After an unsuccessful bid to criminalize the sexual abuse of patients by their therapists, supporters of Lynette’s Law are demanding the removal of some key members on the Board of Professional Therapists and Counselors (BOPC) — their biggest opponents in last session’s bill hearings.
A bill seeking to make the abuse of patients by their therapists a crime has brought together an unlikely team of legislators and a young woman who could have never imagined herself so immersed in state legislation, coined “Lynette’s Law,” HB 60. Heather Lynette Sinclair, 27, turned to Maryland lawmakers in hope that she might be able to end an invisible chain of abuse within the mental health field.
With the cost of college tuition and textbooks on the rise, legislators are proposing sales tax breaks on textbooks in hopes of providing financial relief to students. House Ways and Means Committee Chair Sheila Hixson and Del. Michael Smigiel advocated different versions of textbook tax breaks before her committee Tuesday. Smigiel, R-Cecil, outlined a plan for year-round tax exemption on textbooks, while Hixson proposed setting a limited time period during which students can purchase their books tax-free.
No one doubts that this month’s special session of the General Assembly to expand gaming wouldn’t have happened without the insistence and persistence of Senate President Mike Miller, who’s been pushing slots and gambling for a decade.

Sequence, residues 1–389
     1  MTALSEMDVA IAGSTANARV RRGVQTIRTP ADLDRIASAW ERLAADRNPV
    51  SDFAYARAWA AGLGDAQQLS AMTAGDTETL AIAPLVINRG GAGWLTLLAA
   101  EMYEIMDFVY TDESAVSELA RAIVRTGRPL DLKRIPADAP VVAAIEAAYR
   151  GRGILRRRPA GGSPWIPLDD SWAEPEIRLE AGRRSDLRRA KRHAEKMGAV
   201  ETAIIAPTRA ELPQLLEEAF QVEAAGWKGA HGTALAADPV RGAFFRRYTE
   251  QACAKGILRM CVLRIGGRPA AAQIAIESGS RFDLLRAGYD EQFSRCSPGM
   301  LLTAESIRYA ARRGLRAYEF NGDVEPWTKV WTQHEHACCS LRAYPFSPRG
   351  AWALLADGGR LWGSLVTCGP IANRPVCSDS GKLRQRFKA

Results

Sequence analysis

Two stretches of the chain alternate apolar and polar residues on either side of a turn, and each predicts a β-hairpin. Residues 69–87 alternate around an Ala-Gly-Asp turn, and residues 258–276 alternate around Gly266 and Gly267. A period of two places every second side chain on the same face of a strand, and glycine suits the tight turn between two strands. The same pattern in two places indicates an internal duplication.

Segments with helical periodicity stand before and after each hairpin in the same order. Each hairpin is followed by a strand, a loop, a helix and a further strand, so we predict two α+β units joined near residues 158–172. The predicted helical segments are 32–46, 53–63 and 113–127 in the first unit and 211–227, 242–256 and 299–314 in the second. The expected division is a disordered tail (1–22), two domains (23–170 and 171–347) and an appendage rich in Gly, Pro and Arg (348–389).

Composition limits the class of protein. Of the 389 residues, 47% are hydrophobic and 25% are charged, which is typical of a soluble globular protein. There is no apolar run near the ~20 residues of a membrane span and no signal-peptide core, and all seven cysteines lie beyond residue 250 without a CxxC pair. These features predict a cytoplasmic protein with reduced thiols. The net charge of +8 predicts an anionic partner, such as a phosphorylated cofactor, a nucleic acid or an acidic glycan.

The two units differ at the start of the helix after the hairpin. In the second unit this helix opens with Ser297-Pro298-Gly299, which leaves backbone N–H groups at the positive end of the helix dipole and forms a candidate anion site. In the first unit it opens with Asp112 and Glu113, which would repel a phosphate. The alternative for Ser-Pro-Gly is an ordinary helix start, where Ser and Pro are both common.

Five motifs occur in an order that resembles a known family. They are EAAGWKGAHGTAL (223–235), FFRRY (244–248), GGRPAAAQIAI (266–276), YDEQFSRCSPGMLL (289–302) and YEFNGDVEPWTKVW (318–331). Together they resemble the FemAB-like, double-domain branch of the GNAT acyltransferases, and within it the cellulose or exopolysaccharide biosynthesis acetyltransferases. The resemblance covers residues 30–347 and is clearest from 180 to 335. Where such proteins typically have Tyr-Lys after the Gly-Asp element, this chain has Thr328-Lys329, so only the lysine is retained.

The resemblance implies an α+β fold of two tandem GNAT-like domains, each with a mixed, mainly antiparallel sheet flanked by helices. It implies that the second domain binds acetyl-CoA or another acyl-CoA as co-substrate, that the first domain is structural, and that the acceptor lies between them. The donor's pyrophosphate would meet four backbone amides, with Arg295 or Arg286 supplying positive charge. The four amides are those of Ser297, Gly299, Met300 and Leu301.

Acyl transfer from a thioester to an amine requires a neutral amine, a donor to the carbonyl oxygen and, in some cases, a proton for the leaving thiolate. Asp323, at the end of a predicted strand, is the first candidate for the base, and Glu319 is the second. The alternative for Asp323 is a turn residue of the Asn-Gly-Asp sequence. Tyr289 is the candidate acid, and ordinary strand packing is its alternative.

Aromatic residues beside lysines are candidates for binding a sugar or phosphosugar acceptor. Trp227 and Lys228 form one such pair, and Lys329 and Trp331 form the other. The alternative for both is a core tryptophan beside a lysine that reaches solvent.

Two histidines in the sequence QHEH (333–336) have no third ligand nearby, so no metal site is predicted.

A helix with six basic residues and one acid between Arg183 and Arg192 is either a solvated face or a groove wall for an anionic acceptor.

A few loose ends from the session point out Miller’s command of the process and close attention to every stray vote.
The torrent of comment on the Supreme Court decision to uphold most of the Affordable Care Act fell predictably along party and ideological lines: Democrats and progressives were exulting; Republicans and conservatives were disgusted, except for the ruling that the individual mandate was a tax. It will take several days to digest the full implications, but here are lightly edited versions of over two dozen Maryland reactions.
Floor debate in the House over the administration’s signature land preservation bill invoked common themes from Republicans about growing state control over rural and agricultural land, but the bill passed with a vote of 93-45.
As the U.S. Supreme Court heard its third and final day of arguments Wednesday on the constitutionality of President Barack Obama’s health care law, Maryland plunged ahead in preparing the state for the law’s implementation.
Despite concerns that the 2010 Affordable Care Act could be overturned by the Supreme Court, both chambers of the General Assembly have approved bills backed by Gov. Martin O’Malley that lay the groundwork for the execution of the federal law on the state level.
In this podcast by reporter Duane Keenan, we hear reactions to the passage of the same-sex marriage bill in the House of Delegates from legislators Luke Clippinger, Heather Mizeur, Pat McDonough, Justin Ready, Michael Smigiel and Speaker Michael Busch.